Investments in Environmental Protection Technologies and the Paradox of Environmental Taxes and Subsidies

By Klingelhöfer, Heinz Eckart | Journal of Global Business and Technology, Fall 2010 | Go to article overview
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Investments in Environmental Protection Technologies and the Paradox of Environmental Taxes and Subsidies


Klingelhöfer, Heinz Eckart, Journal of Global Business and Technology


ABSTRACT

Since the times of Pigou, it has been regarded as common sense in the economic literature that social - and later on environmental - policy can be formulated by using taxes and subsidies. In order to adjust to these policy instruments under the conditions of imperfect markets, this paper presents an approach to valuating investments in environmental protection technologies and to examine the determinants of their price ceiling. This price ceiling depends on the (corrected) net present values of the payments and on the interdependencies arising from changes in the optimal investment and production programs. Although the well-established results of environmental economics can be confirmed for a single investment, environmental taxes and subsidies may have counterproductive effects on investments in environmental protection technologies. In effect, all the (sometimes contradictory and unexpected) consequences of environmental taxes and subsidies can be interpreted in an economically comprehensible manner.

(ProQuest: ... denotes formulae omitted.)

INTRODUCTION

Since the times of Pigou (cp. Pigou 1932, pp. 172, 174, 183, 224) it has been regarded as common sense in the economic literature that social - and later on environmental - policy can be formulated by using taxes and subsidies. According to related literature, setting a price for the use of environmental resources or capacities leads to their consideration in economical decisions: one compares abatement costs to the costs of using these resources/capacities and, consequently, may avoid potential environmentally harmful behavior. Hence, due to environmental policy applying taxes and subsidies, investments in environmental protection technologies can become economically significant. In this context, the paper explores to what degree changes in environmental policies can actually provide financial incentives for investing in environmental protection. Regrettably, traditional and neoclassical models for investment appraisal (e.g. cost-oriented approaches, NPVor DCF-methods, or real options approaches), can only partially cover the particular nature of such investments and their alternatives.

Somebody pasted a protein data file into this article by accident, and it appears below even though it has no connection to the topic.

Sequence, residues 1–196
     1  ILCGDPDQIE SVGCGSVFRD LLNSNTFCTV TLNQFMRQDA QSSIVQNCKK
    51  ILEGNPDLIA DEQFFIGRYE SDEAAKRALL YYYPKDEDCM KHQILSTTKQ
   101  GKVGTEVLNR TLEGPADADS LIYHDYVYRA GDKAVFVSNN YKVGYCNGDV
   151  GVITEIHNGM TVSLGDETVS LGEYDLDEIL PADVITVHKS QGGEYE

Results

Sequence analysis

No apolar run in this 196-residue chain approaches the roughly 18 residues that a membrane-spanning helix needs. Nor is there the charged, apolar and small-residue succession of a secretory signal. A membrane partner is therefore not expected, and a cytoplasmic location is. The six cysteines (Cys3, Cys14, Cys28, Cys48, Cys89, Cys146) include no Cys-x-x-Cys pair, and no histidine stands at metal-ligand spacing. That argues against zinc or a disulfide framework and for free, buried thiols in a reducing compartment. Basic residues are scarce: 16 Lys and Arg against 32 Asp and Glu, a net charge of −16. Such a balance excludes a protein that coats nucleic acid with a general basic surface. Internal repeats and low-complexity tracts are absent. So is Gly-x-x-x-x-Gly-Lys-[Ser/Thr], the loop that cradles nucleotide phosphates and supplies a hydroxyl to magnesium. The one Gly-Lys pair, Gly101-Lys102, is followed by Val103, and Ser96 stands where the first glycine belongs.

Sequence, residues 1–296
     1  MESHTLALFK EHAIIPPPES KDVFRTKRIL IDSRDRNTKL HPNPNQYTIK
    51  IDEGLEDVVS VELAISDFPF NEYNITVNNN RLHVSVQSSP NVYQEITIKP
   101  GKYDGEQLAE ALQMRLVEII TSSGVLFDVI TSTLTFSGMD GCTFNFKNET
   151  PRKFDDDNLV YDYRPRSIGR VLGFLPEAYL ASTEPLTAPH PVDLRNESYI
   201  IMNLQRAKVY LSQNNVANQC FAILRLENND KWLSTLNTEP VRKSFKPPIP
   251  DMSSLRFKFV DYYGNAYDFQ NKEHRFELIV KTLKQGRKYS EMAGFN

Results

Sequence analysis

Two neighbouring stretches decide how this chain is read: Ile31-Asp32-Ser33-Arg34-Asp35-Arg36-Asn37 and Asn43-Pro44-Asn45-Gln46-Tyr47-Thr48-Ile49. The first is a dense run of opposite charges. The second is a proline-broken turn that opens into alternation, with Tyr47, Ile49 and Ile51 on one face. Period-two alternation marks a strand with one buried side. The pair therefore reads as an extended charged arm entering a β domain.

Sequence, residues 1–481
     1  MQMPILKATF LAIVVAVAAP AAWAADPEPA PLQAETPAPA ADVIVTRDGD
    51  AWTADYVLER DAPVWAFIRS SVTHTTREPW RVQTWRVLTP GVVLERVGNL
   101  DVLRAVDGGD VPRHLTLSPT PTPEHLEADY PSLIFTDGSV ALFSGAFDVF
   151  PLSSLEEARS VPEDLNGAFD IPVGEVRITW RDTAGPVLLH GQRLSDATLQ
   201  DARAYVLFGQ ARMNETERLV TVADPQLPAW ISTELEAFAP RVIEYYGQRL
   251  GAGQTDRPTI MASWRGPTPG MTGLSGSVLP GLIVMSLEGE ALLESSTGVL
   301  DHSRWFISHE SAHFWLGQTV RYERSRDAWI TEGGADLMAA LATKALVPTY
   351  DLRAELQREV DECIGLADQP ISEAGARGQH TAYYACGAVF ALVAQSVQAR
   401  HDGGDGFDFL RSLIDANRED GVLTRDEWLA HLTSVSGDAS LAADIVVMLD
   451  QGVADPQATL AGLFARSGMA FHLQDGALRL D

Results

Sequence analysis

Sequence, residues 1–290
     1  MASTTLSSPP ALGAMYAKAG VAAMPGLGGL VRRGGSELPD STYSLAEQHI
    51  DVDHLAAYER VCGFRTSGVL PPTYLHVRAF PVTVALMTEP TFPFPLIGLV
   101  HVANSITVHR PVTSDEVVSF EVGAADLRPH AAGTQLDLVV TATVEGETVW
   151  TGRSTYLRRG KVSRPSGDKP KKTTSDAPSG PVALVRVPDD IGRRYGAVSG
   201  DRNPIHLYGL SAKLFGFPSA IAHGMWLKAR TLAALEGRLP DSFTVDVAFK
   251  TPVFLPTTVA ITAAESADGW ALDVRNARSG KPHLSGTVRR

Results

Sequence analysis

Since investments of this kind influence production, it is necessary to derive the payments and constraints required for a financial valuation from production planning, with special regard to environmental taxes/subsidies and joint production. On this basis, a valuation model for an investment in environmental protection technologies will be developed - and be used to examine the determinants of the price ceiling for such an investment. This model considers activity level-dependent and -independent payments and treats the indivisibility of the investment to be valued. Due to the fact that many of the impacts of pollution on the environment have yet to be explored - and because of changes in environmental policy and in ecological awareness - this analysis also takes uncertainty into consideration.

Applying duality theory of linear programming, it can be shown that the price ceiling depends on the (corrected) net present values of the payments and on the interdependencies due to changes in the optimal program. Sensitivity analysis provides information about the (sometimes) contradictory and unexpected consequences of changes in environmental policy. Nevertheless, all these effects can be interpreted in an economically comprehensible manner and are demonstrated in an example. A conclusion summarizes the main results.

FINANCIAL VALUATION OF INVESTMENTS IN ENVIRONMENTAL PROTECTION TECHNOLOGIES

Background - Financial Evaluation on Imperfect Markets under Uncertainty

In the economic literature, several studies have examined the consequences of environmental policy on investments in environmental protection technologies (cp. Reinaud 2003; Zhao 2003; Chakraborty 2004; Gerlagh and Lise 2005; Knutsson et al. 2006; Laurikka 2006; Laurikka and Koljonen 2006; Buchner 2007; Sekar et al.

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